5/23/13 4:30pm Keoni Room A Meta-analysis of Research Frameworks in Digital Games and L2 Teaching and LearningJonathon Reinhardt

Emerging empirical research on the use of digital games in L2 teaching and learning shows a diverse field that reflects interdisciplinary origins in applied linguistics, educational gaming, and game design. To provide a comprehensive overview of the young field, and to provide insight into current trends and future needs, a meta-analysis examined several dozen empirical studies according to SLA theory, research method, function, CALL perspective, and game element focus. Results reflect the hybrid nature of the field as well as gaps that may impact its reception by broader audiences of applied linguists and L2 educators.

5/23/13 4:30pm Pacific Room Benefits of CMC in L2 Writing Conferences: The Nature of the Talk and Writers’ ReflectionsJunko Imai University of Hawaii

This study investigates the nature of writing conferences in a hybrid setting using the Google Plus, in terms of the ways expert writers scaffold novice writers combining available tools (i.e., video, voice, text chats and screen sharing) and participantsf reflections on their experiences engaging in conferences. The data will be analyzed from Gumperz (1982)fs interactional sociolinguistic perspectives, focusing on the speakersf use of contextualization cues and the organization of the talk that may shape the speakersf evaluation of texts, questioning, and mitigations, and participants were interviewed after every conference session. The study also discusses potential of CMC for writing conferences.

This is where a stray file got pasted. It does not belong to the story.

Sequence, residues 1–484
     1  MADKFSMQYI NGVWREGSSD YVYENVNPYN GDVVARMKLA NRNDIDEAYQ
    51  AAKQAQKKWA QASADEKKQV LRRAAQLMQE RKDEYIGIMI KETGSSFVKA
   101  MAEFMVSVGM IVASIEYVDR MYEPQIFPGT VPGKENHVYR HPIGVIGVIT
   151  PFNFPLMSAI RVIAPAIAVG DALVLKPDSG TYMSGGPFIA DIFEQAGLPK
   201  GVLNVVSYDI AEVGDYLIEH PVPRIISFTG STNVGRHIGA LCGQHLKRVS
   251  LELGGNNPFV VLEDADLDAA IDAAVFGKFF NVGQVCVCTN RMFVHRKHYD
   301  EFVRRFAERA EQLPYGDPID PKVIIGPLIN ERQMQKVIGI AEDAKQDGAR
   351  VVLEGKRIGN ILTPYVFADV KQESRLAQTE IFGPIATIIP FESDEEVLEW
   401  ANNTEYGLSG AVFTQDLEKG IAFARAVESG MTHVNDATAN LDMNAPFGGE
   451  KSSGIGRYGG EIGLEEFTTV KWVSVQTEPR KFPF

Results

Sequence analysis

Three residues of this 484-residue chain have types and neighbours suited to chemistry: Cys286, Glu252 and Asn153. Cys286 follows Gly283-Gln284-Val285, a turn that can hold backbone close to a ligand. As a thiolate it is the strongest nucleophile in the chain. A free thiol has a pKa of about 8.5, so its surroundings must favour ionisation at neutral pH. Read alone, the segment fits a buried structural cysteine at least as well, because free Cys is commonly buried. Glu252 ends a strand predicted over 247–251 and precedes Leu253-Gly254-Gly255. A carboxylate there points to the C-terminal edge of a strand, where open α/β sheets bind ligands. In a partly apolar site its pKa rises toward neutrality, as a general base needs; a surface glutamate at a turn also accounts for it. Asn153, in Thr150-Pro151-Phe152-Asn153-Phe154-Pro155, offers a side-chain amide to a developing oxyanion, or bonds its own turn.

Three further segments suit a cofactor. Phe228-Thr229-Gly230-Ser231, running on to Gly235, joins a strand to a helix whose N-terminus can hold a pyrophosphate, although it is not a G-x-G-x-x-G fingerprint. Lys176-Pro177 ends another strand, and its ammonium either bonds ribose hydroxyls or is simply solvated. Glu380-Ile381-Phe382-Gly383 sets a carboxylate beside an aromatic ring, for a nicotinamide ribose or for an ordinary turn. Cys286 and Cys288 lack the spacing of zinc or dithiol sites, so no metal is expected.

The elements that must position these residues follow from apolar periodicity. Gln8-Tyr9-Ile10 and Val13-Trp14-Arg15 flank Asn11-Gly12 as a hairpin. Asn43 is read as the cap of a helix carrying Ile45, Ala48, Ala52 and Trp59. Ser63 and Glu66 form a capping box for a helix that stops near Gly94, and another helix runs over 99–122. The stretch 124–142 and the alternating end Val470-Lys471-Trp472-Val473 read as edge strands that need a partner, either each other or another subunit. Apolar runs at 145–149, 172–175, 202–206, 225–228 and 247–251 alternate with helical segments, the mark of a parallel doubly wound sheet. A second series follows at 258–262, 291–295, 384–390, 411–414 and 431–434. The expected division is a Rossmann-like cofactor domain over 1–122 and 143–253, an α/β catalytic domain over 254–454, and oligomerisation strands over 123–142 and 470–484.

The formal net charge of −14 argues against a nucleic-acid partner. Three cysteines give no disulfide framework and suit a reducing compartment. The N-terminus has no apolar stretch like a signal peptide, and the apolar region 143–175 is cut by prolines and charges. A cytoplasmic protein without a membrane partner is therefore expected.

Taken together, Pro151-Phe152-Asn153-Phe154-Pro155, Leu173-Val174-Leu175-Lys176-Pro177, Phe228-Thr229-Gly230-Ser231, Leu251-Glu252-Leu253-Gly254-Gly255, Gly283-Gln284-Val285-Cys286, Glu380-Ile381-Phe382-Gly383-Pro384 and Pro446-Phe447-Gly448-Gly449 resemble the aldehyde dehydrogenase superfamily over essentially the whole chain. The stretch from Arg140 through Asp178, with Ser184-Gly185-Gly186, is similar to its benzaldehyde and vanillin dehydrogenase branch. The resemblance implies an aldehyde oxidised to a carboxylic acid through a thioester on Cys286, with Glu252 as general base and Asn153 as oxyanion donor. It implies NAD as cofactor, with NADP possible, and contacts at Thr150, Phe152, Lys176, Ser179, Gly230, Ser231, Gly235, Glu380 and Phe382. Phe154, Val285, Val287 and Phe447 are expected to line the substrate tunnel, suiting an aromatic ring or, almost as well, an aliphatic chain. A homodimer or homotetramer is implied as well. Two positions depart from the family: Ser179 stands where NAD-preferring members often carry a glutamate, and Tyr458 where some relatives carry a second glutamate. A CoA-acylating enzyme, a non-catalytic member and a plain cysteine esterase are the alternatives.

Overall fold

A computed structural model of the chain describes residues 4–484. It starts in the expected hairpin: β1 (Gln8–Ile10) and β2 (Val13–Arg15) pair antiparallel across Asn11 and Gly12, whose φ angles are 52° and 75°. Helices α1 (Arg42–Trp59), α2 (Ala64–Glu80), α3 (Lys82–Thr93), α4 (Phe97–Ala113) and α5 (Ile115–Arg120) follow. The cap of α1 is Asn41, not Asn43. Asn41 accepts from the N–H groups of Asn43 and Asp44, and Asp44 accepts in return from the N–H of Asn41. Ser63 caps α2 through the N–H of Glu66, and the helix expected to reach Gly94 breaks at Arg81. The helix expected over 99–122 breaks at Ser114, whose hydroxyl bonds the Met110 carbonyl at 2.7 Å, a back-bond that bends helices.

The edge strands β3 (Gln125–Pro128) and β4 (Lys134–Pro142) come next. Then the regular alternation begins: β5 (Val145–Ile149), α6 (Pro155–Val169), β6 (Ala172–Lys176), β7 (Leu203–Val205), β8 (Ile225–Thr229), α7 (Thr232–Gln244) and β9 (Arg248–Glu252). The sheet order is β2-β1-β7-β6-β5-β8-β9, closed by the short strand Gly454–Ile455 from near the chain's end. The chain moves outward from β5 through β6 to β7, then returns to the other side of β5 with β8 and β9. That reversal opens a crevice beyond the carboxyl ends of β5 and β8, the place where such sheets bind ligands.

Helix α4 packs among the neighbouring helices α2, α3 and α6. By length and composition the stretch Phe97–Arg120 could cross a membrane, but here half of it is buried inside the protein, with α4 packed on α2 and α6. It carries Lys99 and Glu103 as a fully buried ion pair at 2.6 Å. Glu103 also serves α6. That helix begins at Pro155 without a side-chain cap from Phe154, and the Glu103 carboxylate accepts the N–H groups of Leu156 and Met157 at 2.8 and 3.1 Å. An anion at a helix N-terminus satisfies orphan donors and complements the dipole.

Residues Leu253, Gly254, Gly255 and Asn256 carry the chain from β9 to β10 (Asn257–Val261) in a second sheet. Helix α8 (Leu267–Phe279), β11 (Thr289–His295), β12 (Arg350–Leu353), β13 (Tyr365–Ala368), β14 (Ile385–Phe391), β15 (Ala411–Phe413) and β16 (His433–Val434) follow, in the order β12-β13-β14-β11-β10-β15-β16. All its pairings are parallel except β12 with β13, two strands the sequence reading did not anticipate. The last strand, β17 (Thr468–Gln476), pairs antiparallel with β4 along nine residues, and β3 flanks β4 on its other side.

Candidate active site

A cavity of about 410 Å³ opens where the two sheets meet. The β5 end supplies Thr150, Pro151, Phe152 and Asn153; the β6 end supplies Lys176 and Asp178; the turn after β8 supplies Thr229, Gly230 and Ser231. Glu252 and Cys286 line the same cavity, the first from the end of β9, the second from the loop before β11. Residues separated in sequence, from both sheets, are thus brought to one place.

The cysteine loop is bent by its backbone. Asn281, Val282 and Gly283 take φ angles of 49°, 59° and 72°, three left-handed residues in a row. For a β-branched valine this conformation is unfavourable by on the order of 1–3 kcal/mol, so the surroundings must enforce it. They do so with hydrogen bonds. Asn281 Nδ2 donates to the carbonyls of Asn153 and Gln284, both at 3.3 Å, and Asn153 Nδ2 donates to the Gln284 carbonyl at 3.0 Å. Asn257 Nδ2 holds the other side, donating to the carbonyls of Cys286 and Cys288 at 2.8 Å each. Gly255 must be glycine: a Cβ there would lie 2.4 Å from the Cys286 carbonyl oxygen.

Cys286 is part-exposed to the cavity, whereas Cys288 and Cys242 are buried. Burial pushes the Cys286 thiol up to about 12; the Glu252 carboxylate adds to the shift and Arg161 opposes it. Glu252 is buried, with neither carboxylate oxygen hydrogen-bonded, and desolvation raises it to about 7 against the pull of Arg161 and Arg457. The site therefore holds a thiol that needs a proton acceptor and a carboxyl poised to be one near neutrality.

5/23/13 4:30pm Koi Room Open  Educational  Resources  in   the  United  States:  Insights  from   University  Foreign  Language   DirectorsJoshua  J.  Thoms,  Utah  State  University
Becky  L.  Thoms,  Utah  State  University